- No incisions should be made along eyelash margins in order to protect eyelash growth.
- Fistulae through the lid can develop if one drains a lesion that points both internally and externally. Drain internally as far away as possible from the external site of pointing.
- It is possible to cause an excessive loss of tarsal tissue and a future lid deformity by attempting to remove everything that seems to be purulent material.
- Always leave the incision open.
Antibiotics are indicated only when inflammation has spread beyond the immediate area of the hordeolum. Topical antibiotics may be used for recurrent lesions and for those that are actively draining, but they do not improve the healing of surgically drained lesions.18 A trial of oral antibiotics can be pursued for older children and adults with a mild preseptal cellulitis. Broad spectrum antibiotics with coverage for Staphylococcus and Streptococcus should be used for a minimum of 7-10 days with a response expected within 24-48 hours.13
Admission for monitoring and IV antibiotics is indicated when there is a more severe preseptal cellulitis, younger children, or dissemination of the infection beyond the preseptal area. A clinical severity score has been proposed for guiding the treatment of preseptal cellulitis in patients 1 to 16 years of age.19
Follow up is critical to ensure the infection is responding to treatment. Without follow-up, an infection unresponsive to the prescribed treatment may progress to an orbital, intracranial, or systemic infection.
- Most hordeola will spontaneously resolve within 2 weeks and can be treated conservatively.
- Most complications are iatrogenic so great care should be exercised when draining hordeola.
- Internal hordeola can lead to disseminated preseptal, orbital, and systemic infections.
- Infections beyond the preseptal area represent a significant risk to vision and life and must be ruled out.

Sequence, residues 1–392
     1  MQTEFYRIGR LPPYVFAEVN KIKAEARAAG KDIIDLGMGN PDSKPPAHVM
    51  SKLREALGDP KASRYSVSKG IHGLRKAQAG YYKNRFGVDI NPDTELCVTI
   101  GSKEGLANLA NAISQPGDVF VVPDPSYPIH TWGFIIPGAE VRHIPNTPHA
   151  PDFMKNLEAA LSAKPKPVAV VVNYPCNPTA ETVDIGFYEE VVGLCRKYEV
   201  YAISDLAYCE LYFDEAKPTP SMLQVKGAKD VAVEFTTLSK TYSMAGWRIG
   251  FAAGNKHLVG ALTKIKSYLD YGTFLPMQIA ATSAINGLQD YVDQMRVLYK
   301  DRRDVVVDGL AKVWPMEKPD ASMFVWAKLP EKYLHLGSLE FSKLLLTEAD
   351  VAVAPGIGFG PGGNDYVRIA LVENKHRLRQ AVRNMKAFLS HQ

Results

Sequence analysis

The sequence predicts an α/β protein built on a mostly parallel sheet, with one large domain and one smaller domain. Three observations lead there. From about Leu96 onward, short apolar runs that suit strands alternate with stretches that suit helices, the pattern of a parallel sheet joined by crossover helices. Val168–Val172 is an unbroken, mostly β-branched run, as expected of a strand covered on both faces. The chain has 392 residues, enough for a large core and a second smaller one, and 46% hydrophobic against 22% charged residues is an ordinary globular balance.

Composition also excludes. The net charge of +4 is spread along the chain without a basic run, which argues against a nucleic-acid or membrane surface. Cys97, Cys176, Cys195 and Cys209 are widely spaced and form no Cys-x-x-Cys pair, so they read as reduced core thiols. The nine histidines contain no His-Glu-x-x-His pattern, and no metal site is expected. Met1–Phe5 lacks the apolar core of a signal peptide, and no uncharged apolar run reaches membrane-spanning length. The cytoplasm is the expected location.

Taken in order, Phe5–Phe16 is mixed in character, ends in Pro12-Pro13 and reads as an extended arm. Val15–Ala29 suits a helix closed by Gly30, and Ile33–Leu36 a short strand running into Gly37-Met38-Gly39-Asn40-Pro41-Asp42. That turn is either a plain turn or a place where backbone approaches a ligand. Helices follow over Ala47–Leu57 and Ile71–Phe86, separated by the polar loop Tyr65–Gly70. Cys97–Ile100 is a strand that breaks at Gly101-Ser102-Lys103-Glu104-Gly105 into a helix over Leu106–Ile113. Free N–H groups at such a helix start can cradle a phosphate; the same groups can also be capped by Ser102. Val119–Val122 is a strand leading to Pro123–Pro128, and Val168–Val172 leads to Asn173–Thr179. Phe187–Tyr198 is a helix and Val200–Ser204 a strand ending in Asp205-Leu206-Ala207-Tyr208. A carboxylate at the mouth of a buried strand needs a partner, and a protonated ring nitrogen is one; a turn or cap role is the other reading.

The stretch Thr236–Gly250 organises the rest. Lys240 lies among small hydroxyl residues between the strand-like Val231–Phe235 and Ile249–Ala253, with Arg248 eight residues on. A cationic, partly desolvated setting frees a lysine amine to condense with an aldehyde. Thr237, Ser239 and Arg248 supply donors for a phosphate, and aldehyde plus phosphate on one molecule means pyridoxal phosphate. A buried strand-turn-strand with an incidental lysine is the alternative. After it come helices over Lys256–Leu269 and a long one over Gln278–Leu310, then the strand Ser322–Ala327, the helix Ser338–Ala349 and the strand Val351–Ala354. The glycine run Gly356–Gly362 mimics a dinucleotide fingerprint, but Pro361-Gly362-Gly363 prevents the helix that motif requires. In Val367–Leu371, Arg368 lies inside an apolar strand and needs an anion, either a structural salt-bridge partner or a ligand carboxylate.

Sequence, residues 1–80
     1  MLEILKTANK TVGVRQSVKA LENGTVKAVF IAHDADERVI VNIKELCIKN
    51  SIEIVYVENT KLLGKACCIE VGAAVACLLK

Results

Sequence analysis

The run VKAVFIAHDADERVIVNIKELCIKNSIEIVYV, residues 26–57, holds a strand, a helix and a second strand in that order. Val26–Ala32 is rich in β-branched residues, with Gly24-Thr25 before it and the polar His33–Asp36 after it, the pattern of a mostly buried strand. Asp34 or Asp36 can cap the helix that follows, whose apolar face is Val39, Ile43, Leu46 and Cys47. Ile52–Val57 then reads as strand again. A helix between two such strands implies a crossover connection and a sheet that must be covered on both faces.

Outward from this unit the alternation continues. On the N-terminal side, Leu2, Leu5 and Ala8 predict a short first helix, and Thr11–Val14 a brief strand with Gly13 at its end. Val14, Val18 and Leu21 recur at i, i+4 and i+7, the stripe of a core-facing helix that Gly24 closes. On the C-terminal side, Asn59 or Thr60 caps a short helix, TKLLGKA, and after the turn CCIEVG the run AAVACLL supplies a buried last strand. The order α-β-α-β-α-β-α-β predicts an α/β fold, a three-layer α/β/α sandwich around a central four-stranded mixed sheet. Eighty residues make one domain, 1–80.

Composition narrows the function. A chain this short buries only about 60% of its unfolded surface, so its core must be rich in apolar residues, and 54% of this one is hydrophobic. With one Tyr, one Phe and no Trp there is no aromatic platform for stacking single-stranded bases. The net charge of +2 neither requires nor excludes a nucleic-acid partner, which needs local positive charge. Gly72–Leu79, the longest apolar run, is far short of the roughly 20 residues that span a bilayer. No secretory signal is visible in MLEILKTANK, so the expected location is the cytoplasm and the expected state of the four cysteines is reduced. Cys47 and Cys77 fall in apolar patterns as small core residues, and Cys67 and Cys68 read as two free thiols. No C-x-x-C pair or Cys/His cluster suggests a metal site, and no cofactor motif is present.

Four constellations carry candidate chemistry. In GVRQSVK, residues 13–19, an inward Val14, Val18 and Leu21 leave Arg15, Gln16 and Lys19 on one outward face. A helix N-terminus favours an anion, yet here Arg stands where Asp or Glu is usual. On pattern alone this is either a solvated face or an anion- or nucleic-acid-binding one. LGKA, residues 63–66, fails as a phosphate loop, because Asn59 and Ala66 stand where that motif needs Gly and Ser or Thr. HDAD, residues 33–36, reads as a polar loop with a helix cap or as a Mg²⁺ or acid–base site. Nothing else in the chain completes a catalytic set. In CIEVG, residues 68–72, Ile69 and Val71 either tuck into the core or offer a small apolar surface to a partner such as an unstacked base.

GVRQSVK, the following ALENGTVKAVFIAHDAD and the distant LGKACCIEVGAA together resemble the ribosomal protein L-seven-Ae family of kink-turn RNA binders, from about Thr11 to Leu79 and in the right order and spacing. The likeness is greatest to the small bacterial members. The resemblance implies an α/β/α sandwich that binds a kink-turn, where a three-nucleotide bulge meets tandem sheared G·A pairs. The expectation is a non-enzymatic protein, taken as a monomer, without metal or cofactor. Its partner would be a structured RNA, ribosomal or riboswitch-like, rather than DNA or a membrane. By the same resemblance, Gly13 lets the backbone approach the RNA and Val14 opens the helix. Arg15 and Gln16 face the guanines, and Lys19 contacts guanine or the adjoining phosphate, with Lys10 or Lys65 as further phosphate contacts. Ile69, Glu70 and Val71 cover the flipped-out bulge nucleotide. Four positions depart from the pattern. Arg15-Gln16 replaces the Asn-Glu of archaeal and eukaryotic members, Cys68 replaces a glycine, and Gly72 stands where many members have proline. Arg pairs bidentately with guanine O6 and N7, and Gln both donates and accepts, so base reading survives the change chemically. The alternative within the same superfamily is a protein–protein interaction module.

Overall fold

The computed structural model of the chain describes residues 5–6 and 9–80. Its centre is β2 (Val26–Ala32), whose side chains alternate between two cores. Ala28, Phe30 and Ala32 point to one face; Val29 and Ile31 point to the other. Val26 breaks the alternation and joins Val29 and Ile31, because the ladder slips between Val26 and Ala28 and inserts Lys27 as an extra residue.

- Timely follow-up is critical for verifying response to treatment and promptly identifying complications.
- Lederman C, Miller M. Hordeola and chalazia. Pediatr Rev. Aug 1999;20(8):283-284.
- Rutar T, Chambers HF, Crawford JB, et al. Ophthalmic manifestations of infections caused by the USA300 clone of community-associated methicillin-resistant Staphylococcus aureus. Ophthalmology. Aug 2006;113(8):1455-1462.
- Wald ER. Periorbital and orbital infections. Infect Dis Clin North Am. Jun 2007;21(2):393-408, vi.
- Brower MF, Levine RA, Boyer KM. Preseptal cellulitis complicated by toxic shock syndrome. Case report. Arch Ophthalmol. Dec 1987;105(12):1631-1632.
- Ingraham HJ, Ryan ME, Burns JT, et al. Streptococcal preseptal cellulitis complicated by the toxic Streptococcus syndrome. Ophthalmology. Aug 1995;102(8):1223-1226.
- Lazzeri D, Lazzeri S, Figus M, et al. Periorbital necrotising fasciitis. Br J Ophthalmol. Dec 2010;94(12):1577-1585.
- Raja V, Job R, Hubbard A, Moriarty B. Periorbital necrotising fasciitis: delay in diagnosis results in loss of lower eyelid. Int Ophthalmol. Feb 2008;28(1):67-69.
- Kim JH, Yang SM, Kim HM, Oh J. Inadvertent ocular perforation during lid anesthesia for hordeolum removal. Korean J Ophthalmol. Sep 2006;20(3):199-200.
- Bessette MJ. Hordeolum and Stye in Emergency Medicine. Mescape Reference 2010; http://emedicine.medscape.com/article/798940-overview. Accessed September 1, 2011.
- Kim I-K, Kim J-R, Jang K-S, Moon Y-S, Park S-W. Orbital abscess from an odontogenic infection. Oral Surgery, Oral Medicine, Oral Pathology, Oral Radiology, and Endodontology. 2007;103(1):e1-e6.
- Lamoreau KP, Fanciullo LM. Pott's puffy tumour mimicking preseptal cellulitis. Clin Exp Optom. Jul 2008;91(4):400-402.
- Youssef OH, Stefanyszyn MA, Bilyk JR. Odontogenic orbital cellulitis. Ophthal Plast Reconstr Surg. Jan-Feb 2008;24(1):29-35.
- Hauser A, Fogarasi S. Periorbital and orbital cellulitis. Pediatr Rev. Jun 2010;31(6):242-249.
- Howe L, Jones NS. Guidelines for the management of periorbital cellulitis/abscess. Clin Otolaryngol Allied Sci. Dec 2004;29(6):725-728.
- Rudloe TF, Harper MB, Prabhu SP, Rahbar R, VanderVeen D, Kimia AA. Acute Periorbital Infections: Who Needs Emergent Imaging? Pediatrics. April 1, 2010 2010;125(4):e719-e726.
- Mair MH, Geley T, Judmaier W, Gassner I. Using orbital sonography to diagnose and monitor treatment of acute swelling of the eyelids in pediatric patients. AJR Am J Roentgenol. Dec 2002;179(6):1529-1534.
- Lindsley K, Nichols JJ, Dickersin K. Interventions for acute internal hordeolum. Cochrane Database Syst Rev. 2010(9):CD007742.
- Hirunwiwatkul P, Wachirasereechai K. Effectiveness of combined antibiotic ophthalmic solution in the treatment of hordeolum after incision and curettage: a randomized, placebo-controlled trial: a pilot study. J Med Assoc Thai. May 2005;88(5):647-650.
- Vu BL, Dick PT, Levin AV, Pirie J. Development of a clinical severity score for preseptal cellulitis in children. Pediatr Emerg Care. Oct 2003;19(5):302-307.